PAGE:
Justice Clarence Thomas recently spoke at a Supreme Court Fellows program at the Library of Congress. According to reports, he addressed a wide range of court-related issues, ranging from the federal confirmation process to his own tenure on the court.
But this is the passage that really struck me:
“There’s a real decided difference between what is said about what goes on and judging and the court and what actually happens,” Thomas said. “There’s the real world and there’s the myth of that world.”
Thomas specifically cited accusations that judges “just want to execute people.”
“I haven’t met a judge who wants to execute anybody,” he said. “I haven’t met that judge yet. In fact, every judge I have met, going through these cases — look at what it does to your hair. You start out, your hair is black. You have lots of it. Then all of a sudden, you’re follically impaired. Your hair, what’s left, it turns gray, and you say, ‘Oh my God, another execution.’ Every one of us is like, ‘Did I get it right? Did I make a mistake?’”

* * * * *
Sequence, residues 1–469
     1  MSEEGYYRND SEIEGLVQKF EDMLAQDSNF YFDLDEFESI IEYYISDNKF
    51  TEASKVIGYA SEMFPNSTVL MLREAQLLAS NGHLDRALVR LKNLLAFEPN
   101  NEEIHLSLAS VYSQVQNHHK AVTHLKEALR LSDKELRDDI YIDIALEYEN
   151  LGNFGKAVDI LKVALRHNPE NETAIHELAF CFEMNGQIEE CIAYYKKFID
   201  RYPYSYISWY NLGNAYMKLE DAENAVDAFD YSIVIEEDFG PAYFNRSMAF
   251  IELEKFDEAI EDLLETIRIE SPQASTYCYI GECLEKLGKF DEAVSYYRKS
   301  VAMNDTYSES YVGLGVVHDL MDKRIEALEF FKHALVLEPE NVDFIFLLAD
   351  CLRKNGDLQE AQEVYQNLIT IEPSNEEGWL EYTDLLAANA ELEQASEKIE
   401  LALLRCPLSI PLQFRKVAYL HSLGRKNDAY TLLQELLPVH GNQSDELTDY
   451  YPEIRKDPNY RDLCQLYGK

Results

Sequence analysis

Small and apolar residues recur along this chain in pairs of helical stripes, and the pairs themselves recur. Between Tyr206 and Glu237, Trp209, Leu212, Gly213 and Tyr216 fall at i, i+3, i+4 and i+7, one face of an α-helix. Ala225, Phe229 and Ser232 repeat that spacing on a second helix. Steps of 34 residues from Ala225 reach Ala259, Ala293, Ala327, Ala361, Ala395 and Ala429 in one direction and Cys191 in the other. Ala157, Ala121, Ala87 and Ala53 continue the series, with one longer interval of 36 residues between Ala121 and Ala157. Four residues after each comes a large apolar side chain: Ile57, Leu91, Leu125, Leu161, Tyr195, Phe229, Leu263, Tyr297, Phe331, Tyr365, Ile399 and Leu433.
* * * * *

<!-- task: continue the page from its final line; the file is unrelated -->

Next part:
In our tantrum-induced political environment, it’s easy to ascribe the worst motivations to anyone with whom we disagree, and even easier to caricature them as monsters. Judges struggle with the difficult issues more than most of us — and unlike legislators, have little or no opportunity to respond to brazen personal attacks.